In order to be compliant with ethics approval and ensure ongoing approval of a research study, all existing applications must:
- Submit an annual report on the anniversary of approval (your project will be approved for an additional 12 months)
- Submit a completion report on completion of the research
Log into InfoEd to submit annual and completion reports, make changes to the project (through an amendment request) and submit information on reportable events.
If your study is changed in any way you must submit an amendment request. Amendments to the protocol must not be acted on until approval has been given by the Human Research Office.
Protocol amendments may be defined as major or minor. Major amendments are defined as changes to the protocol which substantially changes the study design or analysis plan. Examples of major amendments are:
- Change in the primary hypothesis,
- Change to the design of the study,
- Additional outcomes or exposures,
- Use of additional linkages to other databases.
Minor amendments are defined as changes to the protocol that do not have an impact on the main aims and outcomes of the study. Examples of minor amendments are:
- Change in definition to the study population (e.g. numbers recruited, increased age range etc.),
- Additional analysis (statistical or biological) that are not part of the main findings.
A reportable event is any event that must be reported to the HREC. Reportable events may include protocol deviations, serious adverse event or an unanticipated problem.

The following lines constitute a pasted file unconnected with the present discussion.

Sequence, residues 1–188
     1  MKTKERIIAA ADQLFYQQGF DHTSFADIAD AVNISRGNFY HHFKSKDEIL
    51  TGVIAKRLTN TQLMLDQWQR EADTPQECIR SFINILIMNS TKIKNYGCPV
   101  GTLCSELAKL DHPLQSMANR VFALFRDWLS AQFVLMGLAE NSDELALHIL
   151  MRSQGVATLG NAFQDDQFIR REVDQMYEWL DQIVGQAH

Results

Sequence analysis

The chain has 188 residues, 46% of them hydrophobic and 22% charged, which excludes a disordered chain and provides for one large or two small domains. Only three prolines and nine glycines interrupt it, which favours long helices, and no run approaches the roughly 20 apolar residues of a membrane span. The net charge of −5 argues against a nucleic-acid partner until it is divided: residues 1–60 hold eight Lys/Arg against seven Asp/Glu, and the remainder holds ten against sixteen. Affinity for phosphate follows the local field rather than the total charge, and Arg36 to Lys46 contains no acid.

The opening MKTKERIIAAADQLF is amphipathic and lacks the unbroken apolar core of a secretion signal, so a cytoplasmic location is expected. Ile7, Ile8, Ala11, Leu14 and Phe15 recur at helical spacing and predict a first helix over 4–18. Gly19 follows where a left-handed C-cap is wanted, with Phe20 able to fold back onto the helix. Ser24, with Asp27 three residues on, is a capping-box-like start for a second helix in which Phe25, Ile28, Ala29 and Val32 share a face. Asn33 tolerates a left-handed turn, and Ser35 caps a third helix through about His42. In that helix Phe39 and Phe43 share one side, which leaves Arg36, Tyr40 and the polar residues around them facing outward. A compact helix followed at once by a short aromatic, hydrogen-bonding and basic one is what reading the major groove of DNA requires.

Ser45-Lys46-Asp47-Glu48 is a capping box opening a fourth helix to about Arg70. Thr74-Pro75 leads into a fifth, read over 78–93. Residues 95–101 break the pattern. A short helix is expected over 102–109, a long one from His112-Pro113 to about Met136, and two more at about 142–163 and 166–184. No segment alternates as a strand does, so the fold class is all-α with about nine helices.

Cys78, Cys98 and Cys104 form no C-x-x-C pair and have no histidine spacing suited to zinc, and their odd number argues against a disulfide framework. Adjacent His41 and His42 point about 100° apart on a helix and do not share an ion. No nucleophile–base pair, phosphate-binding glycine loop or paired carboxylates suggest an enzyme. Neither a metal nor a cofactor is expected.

A deviation is a departure from the HREC approval protocol procedures and/or regulatory guidelines.
A deviation is considered major if:
- Increases the risk or decreases the benefit,
- Affects the safety, rights or welfare,
- Affects the integrity of the study design or data, or
- Compromises the ethical acceptability of the study.
If this event does not meet one of these criteria report this event in your annual report.
Serious adverse event
An adverse event is any unforeseen or unexpected outcomes that have a negative impact on participants, researchers or the reputation of Curtin University. Adverse events can apply to interventional studies using new drugs or devices, but also to research with new interventions such as behavioural modifications. Qualitative research may also experience adverse events that meet the above definition.
Adverse events are considered serious if any of the following outcomes occur:
- Life threatening
- Requires inpatient hospitalisation or prolongation of existing hospitalisation
- Results in congenital anomaly/birth defect
- Results in persistent or significant disability or incapacity.
If the adverse event does not result in any of the above outcomes it is considered an unanticipated problem report.
An unanticipated problem is any unforeseen issues that have arisen in the research project. This may relate to an individual or multiple individuals.
An unanticipated event needs to meet the following three criteria:
- Increase the risk of harm,
- Is unexpected, and
- Is caused by, or related to, the study
If this event does not meet these three criteria report this event in your annual report.